Promoting an effective and inclusive humanitarian emergency response by the KRG

Project Description

Full Title: Promoting an effective and inclusive humanitarian emergency response by the KRG
Lead Fellow: Roger Guiu & Lahib Higel
Project in Brief: This project evaluates the gaps in KRG’s response to the latest humanitarian crisis and formulates policy recommendations aimed to make the response more effective and inclusive in face of future displacement episodes.
Term: 2014 – 2015
Most Recent: Publications and Events

Context and Rationale

Since Iraq’s conflict reached critical levels in June 2014, more than 2 million people have been displaced internally. Around 40% of them sought protection in the Kurdistan Region. The response by the Kurdistan Regional Government (KRG) to this massive influx of displaced families has suffered from gaps that undermined its effectiveness. These ‘gaps’ can be identified in many areas, including the actual response capacity; the coordination of aid efforts from diverse stakeholders; the coherence and maintenance of rule of law for the IDPs and minorities; tackling the threats to social cohesion; and compatibility of the region’s security policies and public service provision with the accommodation of humanitarian assistance.

The Kurdish authorities have gradually adopted a series of reactive short-term actions as the crisis unfolded and needs emerged. However, the KRG still lacks a resilient strategy in overall terms to ensure an effective and timely response to the sudden arrival of large numbers of IDPs, with the minimum impact on the host community. On the contrary, most of the leading role has been left to the humanitarian partners, who have been scaling up operations in spite of suffering from a big funding gap, while the authorities applied restrictive movement policies solely driven by internal security concerns.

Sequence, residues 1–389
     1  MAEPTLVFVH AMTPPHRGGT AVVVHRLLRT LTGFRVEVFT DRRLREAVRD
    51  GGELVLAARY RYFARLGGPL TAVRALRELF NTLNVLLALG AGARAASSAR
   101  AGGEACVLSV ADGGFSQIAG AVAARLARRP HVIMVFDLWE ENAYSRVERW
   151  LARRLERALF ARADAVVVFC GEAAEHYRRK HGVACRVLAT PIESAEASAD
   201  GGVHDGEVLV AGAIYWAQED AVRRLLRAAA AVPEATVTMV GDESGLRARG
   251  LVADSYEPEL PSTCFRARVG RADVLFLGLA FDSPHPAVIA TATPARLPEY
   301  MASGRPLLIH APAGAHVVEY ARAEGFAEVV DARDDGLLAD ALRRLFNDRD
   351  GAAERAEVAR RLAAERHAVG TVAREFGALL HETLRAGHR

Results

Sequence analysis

A more effective and inclusive response for such a humanitarian emergency is crucial to avoid to a certain extent the impacts associated with the crisis: social tensions, security risks or economic impacts. As the internal conflict in Iraq is still far from being solved, violence can still trigger further waves of displacement within the country and towards the Kurdistan Region. Getting lessons learned and best practices available will contribute to make the public authorities and the host community more resilient to humanitarian crises.


Project Development

The primary aim of this work involves the identification of the gaps in KRG’s emergency response and the definition policy recommendations aimed to make the response more effective in face of future displacement episodes.

The project’s policy outcomes are built on the following activities:

>> High-level meetings and interviews with all stakeholders involved in emergency response (government officials at different levels, aid partners, international agencies, displaced community leaders). The discussions aim to evaluate the effectiveness and inclusiveness of the emergency response in the KRI and its impact on topics such as the overall capacity response, aid coordination, maintenance of the rule of law, social cohesion and internal security.

>> Evaluation of the current mechanisms and governmental bodies created during the emergency to provide a response to the IDPs arrival and the disruptions on host community. This also includes the identification of the institutional needs in terms of capacity reinforcement and addressing the gaps identified.

>> Formulation of proposals for reform within KRG that can help decision-makers to quickly respond to emergencies and strike a balance between internal security and inclusion. The proposals point out the areas where there is a need to better establish adequate resources, protocols, triggers and well-defined responsibilities.


Further Information

Humanitarian Strategic Response Plan 2014/2015 for Iraq
Humanitarian Response Portal for Iraq
REACH’s maps and situation reports on Iraq
UN Habitat’s Urban Humanitarian Response Portal
World Bank methodology for assessing impacts and costs of forced displacement

Publications and Events

As Displaced Families Return to Nineveh, How to Address Social Cohesion?

For more information please contact us at info[AT]